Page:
The use of artificial intelligence (AI) and automation
will have a widespread but mixed impact on jobs, new research shows.
Overall, the introduction of these new technologies at work will see job
opportunities grow, by enhancing roles, employee skills and their pay.
However, lack of thought and planning on how people and technology work
together is reducing productivity improvements and increasing the risk
of people being left behind.
This is according to a new report,
‘People and Machines: From Hype to Reality’ from the CIPD, the
professional body for HR and people development and PA Consulting, the
innovation and transformation consultancy. It is one of the first
comprehensive surveys of both employees and employers that explores how
AI and automation are already being used in UK workplaces. It shows that
AI and automation are radically shaping work and jobs and that,
overall, this is happening in a way that is creating better, more
fulfilling jobs for employees.
However, despite the significant
impact that these technologies are having on the workforce, HR is often
the least likely business function to be involved in decision-making and
implementation for these new technologies. In response, the CIPD and PA
are calling for HR and effective people strategies to be at the heart
of integrating AI and automation into the world of work.
and PA’s research is based on a survey of 759 UK employers, of which 226
have made investments in AI and automation over the past five years. It
• Almost a third (32%) of UK organisations have invested in AI and automation in the last five years.
Overall, 35% of employers saw more and 25% saw fewer jobs in the areas
most affected by AI and automation (others saw no change).
of employers introducing AI and automation believed the main jobs
affected had become more secure, just 18% said they became less secure.
• Two in five employers (41%) reported pay increases for the roles most affected by AI.
speaking to employees at two firms that are already using AI and
automation, the research shows more of a ‘mixed bag’ when it comes to
outcomes for individuals:
• 54% of employees said that AI or
automation had not helped them to do their job better, 28% felt that it
had and 19% neither agreed or disagreed, highlighting the risk to
• 43% of workers said that that they were
learning new things and a third (33%) said they were doing more
interesting tasks (only 6% noted a decrease).
• Employees were
split on how AI and automation have affected the mental demands of their
work (28% said it had increased, 25% said decreased).
• One in four (24%) have experienced a decrease in their workload, with a similar proportion (23%) experiencing an increase.
Employees said that AI and automation make their work faster (45%) and
16% reported that the pace of their work has slowed down (others noted
The research shows that AI and automation are bringing
huge change to workplaces. However, it also found that employers are
often not managing these significant changes with an effective people
strategy. In particular, HR is missing from key conversations on the
introduction of new technology.
The research revealed that HR is
the business function that is least likely to be involved in investment
decisions on AI and automation (being involved in just 55% of cases) and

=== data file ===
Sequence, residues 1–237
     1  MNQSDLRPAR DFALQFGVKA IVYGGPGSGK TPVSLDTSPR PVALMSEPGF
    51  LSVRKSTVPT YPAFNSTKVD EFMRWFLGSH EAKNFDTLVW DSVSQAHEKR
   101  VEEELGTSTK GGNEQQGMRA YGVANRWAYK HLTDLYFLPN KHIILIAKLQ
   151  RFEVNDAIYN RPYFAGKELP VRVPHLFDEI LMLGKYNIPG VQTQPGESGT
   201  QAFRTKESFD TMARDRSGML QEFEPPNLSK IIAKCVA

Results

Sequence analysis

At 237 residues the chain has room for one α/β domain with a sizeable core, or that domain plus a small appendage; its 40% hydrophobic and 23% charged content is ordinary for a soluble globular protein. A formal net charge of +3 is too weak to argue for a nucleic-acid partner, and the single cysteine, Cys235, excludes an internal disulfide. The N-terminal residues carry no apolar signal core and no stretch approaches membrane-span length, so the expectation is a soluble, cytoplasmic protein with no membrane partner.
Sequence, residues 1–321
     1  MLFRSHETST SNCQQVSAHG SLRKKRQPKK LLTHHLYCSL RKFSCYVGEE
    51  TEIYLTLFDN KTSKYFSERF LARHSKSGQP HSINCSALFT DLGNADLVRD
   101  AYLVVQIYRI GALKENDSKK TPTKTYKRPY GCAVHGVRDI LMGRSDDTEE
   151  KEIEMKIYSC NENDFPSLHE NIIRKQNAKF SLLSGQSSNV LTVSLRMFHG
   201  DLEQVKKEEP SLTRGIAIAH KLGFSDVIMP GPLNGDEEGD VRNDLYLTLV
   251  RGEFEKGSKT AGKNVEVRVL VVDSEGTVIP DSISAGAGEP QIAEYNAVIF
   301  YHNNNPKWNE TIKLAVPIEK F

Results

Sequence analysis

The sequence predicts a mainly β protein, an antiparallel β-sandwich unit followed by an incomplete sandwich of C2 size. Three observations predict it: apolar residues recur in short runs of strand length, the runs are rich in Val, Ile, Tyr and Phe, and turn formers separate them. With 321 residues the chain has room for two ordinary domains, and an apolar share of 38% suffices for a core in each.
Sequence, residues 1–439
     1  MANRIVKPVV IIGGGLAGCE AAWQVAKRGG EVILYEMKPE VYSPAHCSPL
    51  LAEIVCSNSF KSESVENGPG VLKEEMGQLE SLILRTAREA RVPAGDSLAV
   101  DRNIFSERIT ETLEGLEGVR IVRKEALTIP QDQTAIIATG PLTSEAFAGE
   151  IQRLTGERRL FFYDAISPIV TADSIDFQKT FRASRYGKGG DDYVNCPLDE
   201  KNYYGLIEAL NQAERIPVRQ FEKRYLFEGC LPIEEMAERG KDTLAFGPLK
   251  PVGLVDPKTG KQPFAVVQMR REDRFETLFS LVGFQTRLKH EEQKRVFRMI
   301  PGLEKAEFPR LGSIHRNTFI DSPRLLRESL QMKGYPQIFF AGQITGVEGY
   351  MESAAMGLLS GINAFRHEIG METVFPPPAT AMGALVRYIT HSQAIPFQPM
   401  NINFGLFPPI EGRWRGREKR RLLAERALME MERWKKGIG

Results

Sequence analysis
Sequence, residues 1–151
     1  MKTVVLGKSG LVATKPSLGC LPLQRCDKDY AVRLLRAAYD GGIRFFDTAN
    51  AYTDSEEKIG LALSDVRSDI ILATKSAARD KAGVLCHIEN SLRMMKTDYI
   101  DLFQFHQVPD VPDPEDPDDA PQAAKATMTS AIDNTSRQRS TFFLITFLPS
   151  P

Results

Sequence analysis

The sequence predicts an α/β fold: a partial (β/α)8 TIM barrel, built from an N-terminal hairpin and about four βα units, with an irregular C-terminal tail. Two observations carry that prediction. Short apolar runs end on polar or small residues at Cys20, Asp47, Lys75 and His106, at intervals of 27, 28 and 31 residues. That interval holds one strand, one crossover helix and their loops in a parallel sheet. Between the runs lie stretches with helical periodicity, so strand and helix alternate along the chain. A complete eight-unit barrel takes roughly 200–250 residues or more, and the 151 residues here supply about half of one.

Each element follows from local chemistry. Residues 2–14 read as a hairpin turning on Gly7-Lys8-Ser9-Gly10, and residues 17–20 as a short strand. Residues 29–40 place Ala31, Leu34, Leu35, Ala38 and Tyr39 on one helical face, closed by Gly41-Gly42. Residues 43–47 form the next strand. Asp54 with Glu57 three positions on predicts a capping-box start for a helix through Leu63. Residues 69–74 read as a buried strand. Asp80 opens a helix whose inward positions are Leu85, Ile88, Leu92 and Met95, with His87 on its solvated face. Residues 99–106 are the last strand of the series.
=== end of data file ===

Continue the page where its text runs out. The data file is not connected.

is involved in just 45% of implementation processes. Instead, functions
like IT, research and development (R&D), production or operations,
purchasing and procurement and marketing and sales are more likely to be
involved in both investment and implementation decisions.
represents a serious risk to organisations as it stands to negatively
impact a number of business outcomes including employee well-being,
productivity, customer service and workforce planning.
Peter Cheese, chief executive for the CIPD, the professional body for HR and people development, said:
emerging scale of the impact on the world of work is huge, affecting
the very nature of work. The impact on people must be more carefully
considered so that businesses make appropriate investment decisions,
embed technology in the right way and create jobs and roles that are
good for people rather than negatively affecting their performance or
“This indicates a real need for HR and longer-term
workforce planning, but too often HR struggles to be part of the
conversation. Instead people professionals should be taking the lead,
orchestrating the debate on who does what work, where, when, and how
technology interacts with those processes. To get to this point, they
must improve their understanding of AI and actively pursue a role in
shaping how new technology is used from the very outset of discussions.”
Katharine Henley, workforce transformation expert at PA Consulting, said:
research shows that it’s a long way from the ‘robots will take my job’
anxiety that dominates the media’s image of AI and automation. There’s a
real opportunity for HR to equip businesses to think big and seize the
opportunity to transform themselves.
“HR is the essential glue
between people and machines. It has a pivotal role to play, for people
as well as business, in making AI and automation work. We have moved on
from simply configuring the technology, plugging it in and switching it
on. We have an opportunity to make a difference to people’s working
lives by considering how we use technology to enhance the employee
experience. Our research found that AI/automation can increase
well-being by providing more control, more freedom over where people
work and increasing more complex or interesting tasks. If HR teams work
closely with IT to plan their future organisation in the right way, our
future workforce could find the workplace more rewarding and enjoyable.
Younger generations are looking at the workplace as somewhere to curate
different experiences. Employers that focus on the creation of a better
employee experience will attract the best talent.”